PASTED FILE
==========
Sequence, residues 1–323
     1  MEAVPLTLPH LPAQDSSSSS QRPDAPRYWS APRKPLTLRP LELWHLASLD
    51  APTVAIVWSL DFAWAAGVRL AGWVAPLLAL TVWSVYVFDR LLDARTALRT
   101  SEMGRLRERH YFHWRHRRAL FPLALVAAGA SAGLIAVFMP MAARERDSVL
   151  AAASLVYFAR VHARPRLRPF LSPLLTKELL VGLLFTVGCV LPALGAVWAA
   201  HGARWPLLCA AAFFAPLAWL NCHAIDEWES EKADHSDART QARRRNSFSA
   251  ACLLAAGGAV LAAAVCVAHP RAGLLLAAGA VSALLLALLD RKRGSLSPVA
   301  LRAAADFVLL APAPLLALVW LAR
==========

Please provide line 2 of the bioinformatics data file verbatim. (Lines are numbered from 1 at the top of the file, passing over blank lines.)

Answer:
     1  MEAVPLTLPH LPAQDSSSSS QRPDAPRYWS APRKPLTLRP LELWHLASLD